“If my girlfriend/boyfriend/husband/wife/lover ever cheated on me, I would be gone so fast!!!” I have heard some variation of this statement so many times. Having sat with many couples as they worked through affair recovery, what I think they mean to say is: “Don’t cheat on me. EVER! I mean it! It would totally destroy me and put me in an impossible situation.”
Deciding whether to stay or go after learning that your beloved has had an affair is never a simple decision. So many other things are tied up in the choice.
Trust is complex.
Trust is multidimensional and each dimension varies in level. Most people think of trust as “Can I trust you with other people?” And this is certainly an important part of the trust. However, trust is made up of many parts, such as:
• Can I trust you with our kids?
• Can I trust you with our money?
• Can I trust you to listen to my feelings and care about them?
• Can I trust you to hear me out?
• Can I trust you to be there for me in a crisis? In everyday situations? For no reason at all?
• Can I trust you to seek me out?
• Can I trust you with my future?
These are just some examples. Together we could probably quickly identify 30+ categories of trust. Not all of them have the same importance to every relationship, but they are all a factor to some degree.
In each of these categories, our trust is at a level. Rarely is trusted at 0% or at 100%. Usually, it falls somewhere in between.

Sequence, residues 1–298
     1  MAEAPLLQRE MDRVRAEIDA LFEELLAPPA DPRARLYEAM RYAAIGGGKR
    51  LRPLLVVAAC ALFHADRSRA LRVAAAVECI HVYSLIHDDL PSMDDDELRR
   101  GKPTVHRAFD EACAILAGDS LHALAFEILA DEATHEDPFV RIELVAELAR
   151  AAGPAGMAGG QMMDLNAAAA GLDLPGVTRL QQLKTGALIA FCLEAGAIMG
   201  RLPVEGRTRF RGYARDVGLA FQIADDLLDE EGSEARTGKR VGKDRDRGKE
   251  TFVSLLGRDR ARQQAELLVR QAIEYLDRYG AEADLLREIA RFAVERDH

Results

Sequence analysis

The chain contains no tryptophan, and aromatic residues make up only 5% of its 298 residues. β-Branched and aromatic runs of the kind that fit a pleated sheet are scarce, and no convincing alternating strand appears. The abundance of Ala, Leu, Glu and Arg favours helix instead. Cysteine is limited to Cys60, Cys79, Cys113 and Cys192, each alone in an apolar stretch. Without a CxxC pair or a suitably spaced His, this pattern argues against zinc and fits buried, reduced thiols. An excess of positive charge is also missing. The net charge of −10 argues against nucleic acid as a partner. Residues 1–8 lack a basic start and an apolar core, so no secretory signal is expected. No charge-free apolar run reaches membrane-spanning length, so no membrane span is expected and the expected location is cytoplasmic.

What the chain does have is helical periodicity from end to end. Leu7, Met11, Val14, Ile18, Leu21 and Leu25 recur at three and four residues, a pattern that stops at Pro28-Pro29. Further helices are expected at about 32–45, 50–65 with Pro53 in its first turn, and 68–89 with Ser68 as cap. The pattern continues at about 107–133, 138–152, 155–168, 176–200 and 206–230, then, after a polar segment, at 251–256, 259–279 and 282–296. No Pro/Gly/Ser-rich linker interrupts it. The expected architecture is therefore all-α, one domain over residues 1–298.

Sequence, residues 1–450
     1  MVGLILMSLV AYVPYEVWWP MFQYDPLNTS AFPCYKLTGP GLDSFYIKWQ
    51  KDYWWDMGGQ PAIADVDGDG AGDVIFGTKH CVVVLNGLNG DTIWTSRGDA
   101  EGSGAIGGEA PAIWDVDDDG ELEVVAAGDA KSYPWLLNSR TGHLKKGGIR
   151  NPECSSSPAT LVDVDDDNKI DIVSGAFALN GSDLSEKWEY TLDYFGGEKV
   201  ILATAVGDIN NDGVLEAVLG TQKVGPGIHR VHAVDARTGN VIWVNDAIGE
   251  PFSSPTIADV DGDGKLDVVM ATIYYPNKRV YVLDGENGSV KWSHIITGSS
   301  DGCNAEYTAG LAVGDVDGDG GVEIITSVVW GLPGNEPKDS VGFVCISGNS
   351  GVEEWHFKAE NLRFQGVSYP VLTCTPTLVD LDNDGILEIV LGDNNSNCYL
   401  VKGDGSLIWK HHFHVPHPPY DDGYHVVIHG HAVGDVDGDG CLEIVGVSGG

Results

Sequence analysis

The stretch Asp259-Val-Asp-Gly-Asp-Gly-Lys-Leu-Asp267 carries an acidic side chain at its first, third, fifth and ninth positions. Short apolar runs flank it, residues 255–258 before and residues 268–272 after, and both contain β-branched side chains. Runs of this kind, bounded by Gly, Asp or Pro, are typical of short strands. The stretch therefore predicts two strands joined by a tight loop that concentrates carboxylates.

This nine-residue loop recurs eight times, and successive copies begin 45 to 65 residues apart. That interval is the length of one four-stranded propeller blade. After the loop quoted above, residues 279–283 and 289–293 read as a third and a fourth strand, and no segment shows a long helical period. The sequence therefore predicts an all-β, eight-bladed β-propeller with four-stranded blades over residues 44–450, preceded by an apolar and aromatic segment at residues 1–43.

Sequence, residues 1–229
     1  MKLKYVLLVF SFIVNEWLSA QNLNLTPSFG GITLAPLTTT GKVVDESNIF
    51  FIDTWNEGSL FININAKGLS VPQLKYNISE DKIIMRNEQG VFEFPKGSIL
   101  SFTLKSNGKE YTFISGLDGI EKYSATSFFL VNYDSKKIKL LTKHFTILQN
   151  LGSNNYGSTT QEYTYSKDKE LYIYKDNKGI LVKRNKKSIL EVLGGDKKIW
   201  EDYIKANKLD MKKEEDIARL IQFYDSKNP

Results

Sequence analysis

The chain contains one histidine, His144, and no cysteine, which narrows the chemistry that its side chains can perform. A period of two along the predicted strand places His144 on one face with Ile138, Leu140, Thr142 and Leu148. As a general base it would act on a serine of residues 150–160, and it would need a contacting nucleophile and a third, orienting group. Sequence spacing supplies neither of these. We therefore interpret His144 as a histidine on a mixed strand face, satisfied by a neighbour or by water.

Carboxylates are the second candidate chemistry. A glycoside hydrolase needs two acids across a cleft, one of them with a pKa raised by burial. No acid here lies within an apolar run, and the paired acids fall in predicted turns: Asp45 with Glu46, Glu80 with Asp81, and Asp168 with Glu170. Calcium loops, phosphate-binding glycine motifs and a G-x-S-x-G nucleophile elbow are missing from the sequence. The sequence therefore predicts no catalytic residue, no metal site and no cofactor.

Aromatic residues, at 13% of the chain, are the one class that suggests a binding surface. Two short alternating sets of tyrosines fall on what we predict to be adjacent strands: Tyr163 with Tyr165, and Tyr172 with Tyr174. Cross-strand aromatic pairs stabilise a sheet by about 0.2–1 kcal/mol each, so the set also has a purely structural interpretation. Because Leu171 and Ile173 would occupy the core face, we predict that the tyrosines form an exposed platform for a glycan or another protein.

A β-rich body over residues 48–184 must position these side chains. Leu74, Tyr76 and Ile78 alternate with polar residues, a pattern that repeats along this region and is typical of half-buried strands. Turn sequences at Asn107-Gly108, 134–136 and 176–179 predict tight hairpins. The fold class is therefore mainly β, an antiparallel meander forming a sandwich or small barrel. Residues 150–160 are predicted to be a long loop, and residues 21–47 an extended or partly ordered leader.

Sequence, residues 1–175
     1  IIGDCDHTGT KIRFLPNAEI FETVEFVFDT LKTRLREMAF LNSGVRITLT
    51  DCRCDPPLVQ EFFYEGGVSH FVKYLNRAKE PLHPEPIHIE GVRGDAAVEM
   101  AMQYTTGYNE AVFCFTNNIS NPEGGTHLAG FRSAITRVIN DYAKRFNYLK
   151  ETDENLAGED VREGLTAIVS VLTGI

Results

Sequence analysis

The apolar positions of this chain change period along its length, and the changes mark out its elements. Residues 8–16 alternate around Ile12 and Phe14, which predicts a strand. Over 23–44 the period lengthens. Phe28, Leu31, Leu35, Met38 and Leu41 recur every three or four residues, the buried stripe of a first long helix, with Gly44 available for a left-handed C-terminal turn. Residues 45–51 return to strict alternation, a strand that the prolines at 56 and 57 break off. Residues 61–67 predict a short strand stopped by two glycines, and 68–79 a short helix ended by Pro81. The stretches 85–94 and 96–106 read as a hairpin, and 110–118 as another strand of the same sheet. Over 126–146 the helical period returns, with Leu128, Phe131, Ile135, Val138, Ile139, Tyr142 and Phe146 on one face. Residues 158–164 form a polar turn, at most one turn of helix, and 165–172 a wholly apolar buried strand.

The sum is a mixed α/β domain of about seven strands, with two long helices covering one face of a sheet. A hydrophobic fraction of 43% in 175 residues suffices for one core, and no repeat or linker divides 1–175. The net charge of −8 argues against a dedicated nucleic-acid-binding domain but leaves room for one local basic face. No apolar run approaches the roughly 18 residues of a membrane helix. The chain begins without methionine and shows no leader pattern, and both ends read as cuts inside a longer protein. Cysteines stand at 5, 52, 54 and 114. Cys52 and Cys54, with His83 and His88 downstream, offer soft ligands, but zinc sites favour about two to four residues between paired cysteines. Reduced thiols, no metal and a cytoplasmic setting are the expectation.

When we are evaluating our relationship after an affair, all of these areas come into play. An affair can make us worry that the trust in other areas is also damaged, but rarely does it wipe all areas of trust to zero.
This is one of the reasons why people often decide to stay in the relationship—deep down, they know that the relationship is more than just this part of it. The choice is wrapped in the decision of whether to give up the other good parts, too.
Making a Decision:
If you are trying to decide whether to stay or go, know that only you can decide what you can live with and what is too much. You have the right to take your time and make the decision with a clear head. That might mean waiting six months before you can get your bearings again and evaluate whether the relationship can be saved. Be present in the relationship and watch how your partner tries to make repairs.
Consistency is a key:
If you had an affair and want to save the relationship, don’t rush your partner to make a decision about the fate of the relationship. Give them the time and space to incorporate the new information about what happened, and decide what to do based on clear-headed thinking. You will need to incrementally improve the trust in all of the areas that have been damaged, and maybe some areas that were not very strong, to begin with. Work at it consistently with the long game in mind. As much as you can, do what is asked of you. But don’t overpromise. If you won’t be able to follow through with a request, don’t agree to it.